While he’s never run the marathon himself, Colpoys was at the finish line last year cheering on Fleet Feet’s runners. At one point, he left to file his tax return at the hotel (April 15 being Tax Day) and to check on program members who had already finished the race. As soon as he arrived – the hotel was only two or three blocks away from where he was sitting – the news broke.

“All of a sudden we heard that something had happened at the finish line,” he said. “We weren’t quite sure what had happened and then basically chaos broke loose.”

From there, Colpoys said, they immediately started to track down their runners to make sure everyone was safe. It took about 2 hours, but they eventually accounted for everyone. “It was one of those things where like ‘Oh gosh all of our people are safe,’ and you feel good that all of your people are safe and then you stop for a second and go, ‘There are some people who aren’t safe,'” he said. “It was a very emotional time for everyone.”

Despite the experience, Fleet Feet this year had a 25 percent increase in the number of people from the program who had a qualifying time for Boston. Additionally, there are 50 people in Fleet Feet’s new “aspiring program” who haven’t yet qualified for the marathon, but hope to next year.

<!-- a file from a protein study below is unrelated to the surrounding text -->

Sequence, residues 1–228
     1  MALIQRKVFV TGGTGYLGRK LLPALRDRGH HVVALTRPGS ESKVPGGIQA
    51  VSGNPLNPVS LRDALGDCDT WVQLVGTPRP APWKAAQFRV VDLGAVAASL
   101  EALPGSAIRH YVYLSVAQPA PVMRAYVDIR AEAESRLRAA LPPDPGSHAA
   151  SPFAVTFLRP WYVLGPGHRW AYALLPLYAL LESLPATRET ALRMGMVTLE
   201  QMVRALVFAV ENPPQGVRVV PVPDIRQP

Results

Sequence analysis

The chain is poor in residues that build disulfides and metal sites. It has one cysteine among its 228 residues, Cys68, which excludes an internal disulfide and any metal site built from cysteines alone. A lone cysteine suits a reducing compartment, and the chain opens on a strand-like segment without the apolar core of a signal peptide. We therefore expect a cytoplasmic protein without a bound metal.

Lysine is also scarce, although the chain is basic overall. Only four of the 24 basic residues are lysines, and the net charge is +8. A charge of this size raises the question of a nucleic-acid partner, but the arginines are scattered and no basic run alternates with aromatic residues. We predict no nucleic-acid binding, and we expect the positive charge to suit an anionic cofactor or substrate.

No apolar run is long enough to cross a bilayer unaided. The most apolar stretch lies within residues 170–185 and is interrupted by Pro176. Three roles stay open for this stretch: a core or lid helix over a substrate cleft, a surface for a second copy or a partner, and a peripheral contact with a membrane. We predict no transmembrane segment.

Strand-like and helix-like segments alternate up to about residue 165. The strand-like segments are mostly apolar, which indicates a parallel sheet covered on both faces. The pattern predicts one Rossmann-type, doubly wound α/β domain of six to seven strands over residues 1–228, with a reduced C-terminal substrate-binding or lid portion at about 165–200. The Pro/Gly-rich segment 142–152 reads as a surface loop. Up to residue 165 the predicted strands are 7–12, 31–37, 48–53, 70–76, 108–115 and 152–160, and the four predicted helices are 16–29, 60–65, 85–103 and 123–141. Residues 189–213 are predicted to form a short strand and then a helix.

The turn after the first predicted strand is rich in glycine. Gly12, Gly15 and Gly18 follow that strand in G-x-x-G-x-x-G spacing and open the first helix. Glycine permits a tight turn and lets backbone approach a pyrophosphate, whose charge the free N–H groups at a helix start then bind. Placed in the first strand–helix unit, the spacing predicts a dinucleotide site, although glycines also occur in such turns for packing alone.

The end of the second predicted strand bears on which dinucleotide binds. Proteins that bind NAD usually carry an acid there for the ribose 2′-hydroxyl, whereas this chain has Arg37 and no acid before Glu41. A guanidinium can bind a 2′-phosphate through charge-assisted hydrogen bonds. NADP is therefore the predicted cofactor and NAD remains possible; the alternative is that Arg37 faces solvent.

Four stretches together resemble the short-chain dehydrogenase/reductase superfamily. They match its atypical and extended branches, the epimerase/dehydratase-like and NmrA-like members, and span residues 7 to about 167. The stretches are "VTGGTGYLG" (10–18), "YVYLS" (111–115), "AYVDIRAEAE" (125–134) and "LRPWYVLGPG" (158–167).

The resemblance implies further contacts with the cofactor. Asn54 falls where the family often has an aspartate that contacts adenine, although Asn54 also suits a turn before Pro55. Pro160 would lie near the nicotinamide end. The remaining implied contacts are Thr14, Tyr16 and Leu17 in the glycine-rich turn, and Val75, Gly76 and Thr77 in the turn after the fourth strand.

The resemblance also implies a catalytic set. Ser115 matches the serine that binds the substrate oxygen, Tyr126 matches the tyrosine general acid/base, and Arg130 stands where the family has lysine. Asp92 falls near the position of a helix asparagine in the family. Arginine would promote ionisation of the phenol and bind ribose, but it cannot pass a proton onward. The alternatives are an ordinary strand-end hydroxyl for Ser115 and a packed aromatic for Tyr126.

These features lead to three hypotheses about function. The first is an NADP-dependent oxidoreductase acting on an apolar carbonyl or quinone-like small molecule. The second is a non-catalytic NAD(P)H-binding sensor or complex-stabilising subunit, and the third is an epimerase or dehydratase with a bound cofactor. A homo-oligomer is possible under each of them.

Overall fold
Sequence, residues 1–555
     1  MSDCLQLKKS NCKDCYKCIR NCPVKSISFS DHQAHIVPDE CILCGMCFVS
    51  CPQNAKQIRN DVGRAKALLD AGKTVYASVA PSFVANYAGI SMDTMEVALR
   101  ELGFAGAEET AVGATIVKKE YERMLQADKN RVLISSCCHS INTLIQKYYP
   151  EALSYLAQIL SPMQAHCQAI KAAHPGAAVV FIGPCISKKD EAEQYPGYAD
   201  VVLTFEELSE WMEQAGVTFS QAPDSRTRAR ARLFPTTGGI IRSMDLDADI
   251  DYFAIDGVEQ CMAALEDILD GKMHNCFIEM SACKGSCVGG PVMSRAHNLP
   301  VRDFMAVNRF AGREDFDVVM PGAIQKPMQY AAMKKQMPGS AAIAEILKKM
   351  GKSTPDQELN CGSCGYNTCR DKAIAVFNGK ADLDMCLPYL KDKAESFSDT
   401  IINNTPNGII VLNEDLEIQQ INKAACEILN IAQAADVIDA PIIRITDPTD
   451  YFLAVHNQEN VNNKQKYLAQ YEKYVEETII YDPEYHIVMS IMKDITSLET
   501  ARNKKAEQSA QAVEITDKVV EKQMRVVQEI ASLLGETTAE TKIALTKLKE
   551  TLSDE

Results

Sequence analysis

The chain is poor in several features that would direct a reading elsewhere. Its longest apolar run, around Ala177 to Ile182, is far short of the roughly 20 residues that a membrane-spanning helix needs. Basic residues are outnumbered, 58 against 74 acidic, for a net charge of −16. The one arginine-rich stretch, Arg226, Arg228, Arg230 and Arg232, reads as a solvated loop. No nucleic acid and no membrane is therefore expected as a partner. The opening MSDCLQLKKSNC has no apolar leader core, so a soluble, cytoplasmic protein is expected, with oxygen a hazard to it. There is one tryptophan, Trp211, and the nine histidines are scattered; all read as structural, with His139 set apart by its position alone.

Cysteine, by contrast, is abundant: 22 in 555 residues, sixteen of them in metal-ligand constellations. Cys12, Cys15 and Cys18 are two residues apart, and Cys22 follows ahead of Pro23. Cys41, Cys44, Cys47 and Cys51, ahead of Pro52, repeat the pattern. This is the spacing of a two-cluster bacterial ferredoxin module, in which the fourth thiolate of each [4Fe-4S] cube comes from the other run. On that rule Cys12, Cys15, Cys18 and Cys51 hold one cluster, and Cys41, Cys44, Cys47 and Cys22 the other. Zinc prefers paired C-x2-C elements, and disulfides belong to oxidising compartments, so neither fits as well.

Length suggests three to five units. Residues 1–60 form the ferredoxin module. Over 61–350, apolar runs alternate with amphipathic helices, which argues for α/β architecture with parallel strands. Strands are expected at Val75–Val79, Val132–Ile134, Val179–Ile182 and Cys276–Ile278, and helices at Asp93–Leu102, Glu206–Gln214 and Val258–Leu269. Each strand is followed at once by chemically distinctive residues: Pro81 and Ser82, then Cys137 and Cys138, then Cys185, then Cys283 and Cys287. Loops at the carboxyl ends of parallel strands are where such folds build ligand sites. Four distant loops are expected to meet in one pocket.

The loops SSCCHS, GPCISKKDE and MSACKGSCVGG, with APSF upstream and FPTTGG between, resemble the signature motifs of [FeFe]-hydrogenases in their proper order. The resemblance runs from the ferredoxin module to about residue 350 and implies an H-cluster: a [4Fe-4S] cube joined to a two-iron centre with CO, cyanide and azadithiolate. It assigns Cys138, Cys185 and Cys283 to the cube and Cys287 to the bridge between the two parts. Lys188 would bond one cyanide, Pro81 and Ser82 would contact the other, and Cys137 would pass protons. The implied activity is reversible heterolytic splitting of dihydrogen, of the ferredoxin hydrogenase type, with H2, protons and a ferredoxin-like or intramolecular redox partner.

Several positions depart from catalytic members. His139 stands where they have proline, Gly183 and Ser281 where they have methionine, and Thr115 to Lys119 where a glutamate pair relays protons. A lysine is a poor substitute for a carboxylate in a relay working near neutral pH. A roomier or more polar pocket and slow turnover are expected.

“There has not been any resistance to go,” he said.

That trend isn’t limited to Fleet Feet, either. According to Runner’s World Magazine, the number of qualifiers who registered in September exceeded the number of available spots, forcing the organization to “rank entries on the basis of time under one’s qualifying standard.” The surge came after BAA increased the field size for this year’s race by 9,000 runners, which brought the total to 36,000.

Additionally, officials allowed the 5,624 runners who couldn’t finish the 2013 race to begin registering in August, the Boston Globe reported. More than 4,700 of them will reportedly be running Monday.

63-year-old DePaul art history professor Curtis Hansman will be running her first Boston Marathon. She had the desire to participate before last year, but she acknowledged that this race is a special one.

“The entire (Boston) community sees this as a big event, and a community pulled together to ensure that it would continue as a statement that we aren’t going to succumb to terror,” she said.

Latin School of Chicago cross country coach Dan Daly, meanwhile, ran the marathon last year and will return despite the frightening experience. Daly finished the race safely, but remembers hearing the explosions as he walked back to his hotel.

“I instinctually ran toward the scene because I was pretty close to the finish line, but as I was running toward it, everyone was running away,” he said. “And so, I look at people’s faces, the fright, and I saw a couple of young boys, and just the terror on their face gave me pause. I thought about my own wife and kids back in Chicago, and I thought, ‘Oh my god what am I doing? I’m not a first responder.'”

Daly said the running community expressed an interest in running this year immediately after the incident, and he decided to join some of his friends to show support. While he acknowledged that the last turn on Boylston will be “raw,” he believes good will come out of this year’s Marathon Monday.

“I know it will be a little bittersweet passing where the bombs went off, but I’m looking forward to an uneventful race, a beautiful day and just a celebration of all the positive things.”

Courtney Jacquin contributed to this story.